Trying to go up this hill would be utter madness, not to mention all but impossible. On the day we were there with the Jeep no-one was crazy enough to try. On my second visit I was driving the Arctic Amarok and several people tried...

Land Cruiser and Triton:


It is too steep and there is no traction. To date no vehicle has made it to the top. I have compiled a video showing some of the attempts. Notice in the beginning how the stones roll down the hill after the Hummer and never stop rolling. That gives a good idea of the incline.

Also have a look at the Arctic Amarok in action. Lots have been said about that 2 litre motor. And there has been questions about "loss of power" after the big wheel conversion. I think this video makes it clear that there is more than enough power on tap. The Arctic Amarok never runs out of power, even at the top where it spins all wheels. The runs were done in 2nd low.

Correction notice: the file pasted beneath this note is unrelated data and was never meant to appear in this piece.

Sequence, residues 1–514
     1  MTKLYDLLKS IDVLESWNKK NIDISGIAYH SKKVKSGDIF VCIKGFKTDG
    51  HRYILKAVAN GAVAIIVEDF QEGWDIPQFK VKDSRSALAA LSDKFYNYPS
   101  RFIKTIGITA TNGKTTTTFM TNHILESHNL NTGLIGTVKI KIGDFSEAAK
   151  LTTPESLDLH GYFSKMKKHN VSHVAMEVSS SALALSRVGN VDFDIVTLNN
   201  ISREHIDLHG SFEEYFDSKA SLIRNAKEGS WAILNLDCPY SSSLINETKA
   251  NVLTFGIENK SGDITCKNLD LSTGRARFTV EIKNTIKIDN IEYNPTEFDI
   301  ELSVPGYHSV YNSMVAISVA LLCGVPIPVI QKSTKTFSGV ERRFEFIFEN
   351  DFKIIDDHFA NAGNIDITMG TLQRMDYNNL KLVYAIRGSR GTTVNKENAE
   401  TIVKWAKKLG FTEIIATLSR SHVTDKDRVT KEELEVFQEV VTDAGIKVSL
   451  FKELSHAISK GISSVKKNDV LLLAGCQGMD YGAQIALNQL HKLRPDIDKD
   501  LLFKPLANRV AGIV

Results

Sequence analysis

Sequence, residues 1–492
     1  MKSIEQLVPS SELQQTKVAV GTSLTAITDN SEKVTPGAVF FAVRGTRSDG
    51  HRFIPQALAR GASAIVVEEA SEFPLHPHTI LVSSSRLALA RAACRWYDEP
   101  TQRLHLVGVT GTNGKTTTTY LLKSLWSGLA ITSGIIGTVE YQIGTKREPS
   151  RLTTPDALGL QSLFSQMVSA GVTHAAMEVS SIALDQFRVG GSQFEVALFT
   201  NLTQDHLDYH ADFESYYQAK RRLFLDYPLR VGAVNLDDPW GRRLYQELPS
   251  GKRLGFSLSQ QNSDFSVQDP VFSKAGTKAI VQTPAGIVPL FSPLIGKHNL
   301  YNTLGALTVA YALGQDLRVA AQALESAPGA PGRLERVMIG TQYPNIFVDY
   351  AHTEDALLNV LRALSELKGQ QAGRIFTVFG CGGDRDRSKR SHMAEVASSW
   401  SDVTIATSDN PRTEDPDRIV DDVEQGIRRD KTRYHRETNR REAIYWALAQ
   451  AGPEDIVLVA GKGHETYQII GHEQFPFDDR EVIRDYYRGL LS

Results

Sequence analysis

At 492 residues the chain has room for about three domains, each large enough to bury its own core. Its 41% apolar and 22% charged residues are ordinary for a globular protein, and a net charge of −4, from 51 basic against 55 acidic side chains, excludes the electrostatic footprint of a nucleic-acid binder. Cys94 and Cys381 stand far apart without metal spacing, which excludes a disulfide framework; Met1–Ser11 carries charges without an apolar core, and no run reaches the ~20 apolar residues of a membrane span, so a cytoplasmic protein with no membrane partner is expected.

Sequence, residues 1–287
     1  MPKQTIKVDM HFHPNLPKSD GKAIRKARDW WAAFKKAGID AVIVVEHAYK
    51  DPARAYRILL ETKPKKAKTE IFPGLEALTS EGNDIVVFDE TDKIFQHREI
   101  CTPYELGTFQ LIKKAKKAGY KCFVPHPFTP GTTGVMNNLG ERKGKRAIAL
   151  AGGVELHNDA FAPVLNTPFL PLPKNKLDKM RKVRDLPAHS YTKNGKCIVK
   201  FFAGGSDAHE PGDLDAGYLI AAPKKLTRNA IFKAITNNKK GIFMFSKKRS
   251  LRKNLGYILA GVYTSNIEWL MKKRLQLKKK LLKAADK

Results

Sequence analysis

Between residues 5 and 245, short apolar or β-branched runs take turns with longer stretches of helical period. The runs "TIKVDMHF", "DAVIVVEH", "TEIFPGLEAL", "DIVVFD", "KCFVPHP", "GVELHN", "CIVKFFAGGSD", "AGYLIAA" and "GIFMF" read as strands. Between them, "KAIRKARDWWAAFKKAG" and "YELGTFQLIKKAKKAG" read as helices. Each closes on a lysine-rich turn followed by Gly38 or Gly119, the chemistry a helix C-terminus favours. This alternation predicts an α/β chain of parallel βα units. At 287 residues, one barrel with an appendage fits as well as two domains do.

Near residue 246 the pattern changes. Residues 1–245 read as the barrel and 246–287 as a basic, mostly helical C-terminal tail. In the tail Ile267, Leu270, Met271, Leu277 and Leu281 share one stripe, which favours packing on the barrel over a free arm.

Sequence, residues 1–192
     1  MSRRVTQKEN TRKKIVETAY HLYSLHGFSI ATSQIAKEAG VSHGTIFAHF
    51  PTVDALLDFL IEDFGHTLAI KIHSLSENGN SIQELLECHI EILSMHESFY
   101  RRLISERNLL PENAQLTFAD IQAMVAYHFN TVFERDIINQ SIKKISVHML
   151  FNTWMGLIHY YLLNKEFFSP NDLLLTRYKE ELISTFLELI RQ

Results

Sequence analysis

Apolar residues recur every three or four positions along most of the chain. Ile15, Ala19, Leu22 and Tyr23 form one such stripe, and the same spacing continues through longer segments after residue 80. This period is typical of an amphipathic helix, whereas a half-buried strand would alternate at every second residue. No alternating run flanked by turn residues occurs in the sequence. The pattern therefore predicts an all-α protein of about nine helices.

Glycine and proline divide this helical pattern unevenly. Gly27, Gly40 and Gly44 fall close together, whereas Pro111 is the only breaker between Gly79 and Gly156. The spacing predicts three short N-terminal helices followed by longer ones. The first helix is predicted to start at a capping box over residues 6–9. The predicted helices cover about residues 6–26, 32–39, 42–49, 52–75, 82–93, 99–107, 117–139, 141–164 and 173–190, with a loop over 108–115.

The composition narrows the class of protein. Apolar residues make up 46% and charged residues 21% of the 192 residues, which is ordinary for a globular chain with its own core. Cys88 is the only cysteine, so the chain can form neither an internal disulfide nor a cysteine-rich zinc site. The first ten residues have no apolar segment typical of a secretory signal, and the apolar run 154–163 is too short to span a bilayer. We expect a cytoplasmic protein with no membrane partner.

After the Winch Hill fun & games Steed Hill awaits.

While you drive down Winch Hill, you have to drive up Steed Hill. It's impossible to get a shot of the whole section, but I'm sure you get the idea that this too is quite a high climb.

The Hummer cresting it:

And so does the mighty Jimny.

Arctic Truck doing it in the wet:

Next the route takes you to the Viewpoint. A nice shot en route:

From here you can see most of the farm.

On this day we were on a sightseeing trip with the new Nissan Murano. While we certainly didn't attempt any of the obstacles with this vehicle it was more than adequate to take us to the scenic places, you just need to watch the ground clearance here and there.

A good shot of the Caravan Park from up here:

Our next route was on the other side of the river, so down we went again. How awesome is this: